University of Denver

New Legislation Affects Common Law Partnerships in British Columbia

IAALS Intern

Under British Columbia's new Family Relations Act, unmarried couples who have lived together for more than two years will now have the same property rights as married couples. The changes went into effect March 18 and require common law spouses to "evenly split family debt and anything purchased during their relationship, including property, in the event of a break-up." Those in marriage-like relationships lasting less than two years are not included in the property division rules, but if the relationship produced children the couple may be entitled to receive spousal support. CTV News indicates that the legislative changes were made to decrease the number of families and couples in court and recommends partners discuss early on how to split debt and property along with potential spousal support details. Accordingly, common-law partners can choose to opt-out of the property splitting and spousal support requirements by entering into a cohabitation agreement.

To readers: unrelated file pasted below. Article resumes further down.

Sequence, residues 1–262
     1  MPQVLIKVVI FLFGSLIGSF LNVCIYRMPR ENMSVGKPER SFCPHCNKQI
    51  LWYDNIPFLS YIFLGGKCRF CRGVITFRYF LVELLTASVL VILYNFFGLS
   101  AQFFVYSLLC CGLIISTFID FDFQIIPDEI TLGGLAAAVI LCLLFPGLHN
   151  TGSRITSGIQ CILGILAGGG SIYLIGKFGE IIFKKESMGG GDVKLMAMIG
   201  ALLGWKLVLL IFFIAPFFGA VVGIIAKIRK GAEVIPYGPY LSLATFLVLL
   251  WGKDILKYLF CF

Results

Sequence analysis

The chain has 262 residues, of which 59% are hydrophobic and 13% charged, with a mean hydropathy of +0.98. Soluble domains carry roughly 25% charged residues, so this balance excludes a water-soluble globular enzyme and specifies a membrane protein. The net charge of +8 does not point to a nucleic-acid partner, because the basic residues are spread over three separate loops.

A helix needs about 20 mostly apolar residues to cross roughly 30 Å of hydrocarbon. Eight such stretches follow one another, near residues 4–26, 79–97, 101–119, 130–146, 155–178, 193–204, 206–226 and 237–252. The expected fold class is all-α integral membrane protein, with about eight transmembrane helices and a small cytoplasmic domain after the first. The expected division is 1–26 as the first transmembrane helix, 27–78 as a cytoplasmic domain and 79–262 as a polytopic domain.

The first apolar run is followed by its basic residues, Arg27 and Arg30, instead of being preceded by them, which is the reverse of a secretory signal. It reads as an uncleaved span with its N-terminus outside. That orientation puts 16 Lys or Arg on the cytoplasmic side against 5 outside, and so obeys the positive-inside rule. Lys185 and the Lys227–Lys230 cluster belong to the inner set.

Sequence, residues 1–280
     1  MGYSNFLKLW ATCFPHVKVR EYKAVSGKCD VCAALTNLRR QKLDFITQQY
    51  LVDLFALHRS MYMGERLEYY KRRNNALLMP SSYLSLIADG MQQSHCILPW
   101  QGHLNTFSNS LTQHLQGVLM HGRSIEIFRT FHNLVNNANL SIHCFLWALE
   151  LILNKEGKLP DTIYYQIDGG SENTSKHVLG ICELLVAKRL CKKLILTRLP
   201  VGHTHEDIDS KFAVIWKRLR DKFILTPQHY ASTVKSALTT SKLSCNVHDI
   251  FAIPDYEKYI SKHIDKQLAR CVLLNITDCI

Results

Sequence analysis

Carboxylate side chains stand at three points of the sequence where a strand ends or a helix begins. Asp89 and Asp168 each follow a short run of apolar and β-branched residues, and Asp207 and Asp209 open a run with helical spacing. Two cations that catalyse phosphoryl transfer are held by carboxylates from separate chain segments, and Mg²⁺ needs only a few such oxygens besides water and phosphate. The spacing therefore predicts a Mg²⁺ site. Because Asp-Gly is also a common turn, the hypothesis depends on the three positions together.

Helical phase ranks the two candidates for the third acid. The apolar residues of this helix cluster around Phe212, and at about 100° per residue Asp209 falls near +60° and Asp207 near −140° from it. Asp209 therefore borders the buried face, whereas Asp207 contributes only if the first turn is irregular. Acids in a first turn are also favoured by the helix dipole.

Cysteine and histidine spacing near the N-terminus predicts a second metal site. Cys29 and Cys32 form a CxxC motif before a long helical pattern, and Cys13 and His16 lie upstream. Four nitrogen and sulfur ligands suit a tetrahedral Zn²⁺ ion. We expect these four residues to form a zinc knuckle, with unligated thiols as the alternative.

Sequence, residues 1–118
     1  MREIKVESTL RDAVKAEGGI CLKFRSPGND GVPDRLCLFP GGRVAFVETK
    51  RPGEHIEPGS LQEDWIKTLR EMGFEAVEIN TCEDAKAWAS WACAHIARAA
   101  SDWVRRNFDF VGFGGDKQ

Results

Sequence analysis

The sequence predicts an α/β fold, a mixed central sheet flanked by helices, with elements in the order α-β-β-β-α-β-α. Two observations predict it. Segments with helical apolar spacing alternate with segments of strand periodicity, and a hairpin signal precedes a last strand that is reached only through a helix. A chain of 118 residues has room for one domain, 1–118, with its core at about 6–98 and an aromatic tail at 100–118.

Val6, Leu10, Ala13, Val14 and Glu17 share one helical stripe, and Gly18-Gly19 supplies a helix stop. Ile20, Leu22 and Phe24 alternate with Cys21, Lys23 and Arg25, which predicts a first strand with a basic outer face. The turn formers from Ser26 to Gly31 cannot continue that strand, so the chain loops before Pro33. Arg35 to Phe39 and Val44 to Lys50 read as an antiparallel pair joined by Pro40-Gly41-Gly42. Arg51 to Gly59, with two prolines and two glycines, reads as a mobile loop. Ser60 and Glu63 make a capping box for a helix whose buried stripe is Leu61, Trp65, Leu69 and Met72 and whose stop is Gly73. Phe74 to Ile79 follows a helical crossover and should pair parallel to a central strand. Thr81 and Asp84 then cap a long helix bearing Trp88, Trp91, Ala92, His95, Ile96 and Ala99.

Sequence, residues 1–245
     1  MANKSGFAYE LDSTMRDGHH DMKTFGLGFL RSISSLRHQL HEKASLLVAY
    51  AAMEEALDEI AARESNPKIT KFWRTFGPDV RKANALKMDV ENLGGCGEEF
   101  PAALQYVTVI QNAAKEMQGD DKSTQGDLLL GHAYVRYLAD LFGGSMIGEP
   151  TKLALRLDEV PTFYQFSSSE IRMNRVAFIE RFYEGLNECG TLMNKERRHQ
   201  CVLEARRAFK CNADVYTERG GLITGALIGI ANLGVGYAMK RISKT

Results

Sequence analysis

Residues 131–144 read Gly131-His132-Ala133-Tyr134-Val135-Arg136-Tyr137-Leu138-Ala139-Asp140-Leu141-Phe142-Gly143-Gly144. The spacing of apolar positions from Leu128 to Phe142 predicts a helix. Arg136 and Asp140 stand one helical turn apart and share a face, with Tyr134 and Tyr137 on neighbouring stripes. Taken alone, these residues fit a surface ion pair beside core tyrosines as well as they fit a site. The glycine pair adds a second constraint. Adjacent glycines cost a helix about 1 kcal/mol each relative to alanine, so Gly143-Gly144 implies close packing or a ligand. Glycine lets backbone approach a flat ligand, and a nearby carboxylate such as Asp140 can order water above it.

Cindy Pham is a third year law student at the University of Denver Sturm College of Law and contributes to IAALS Online. Please direct inquiries about this post to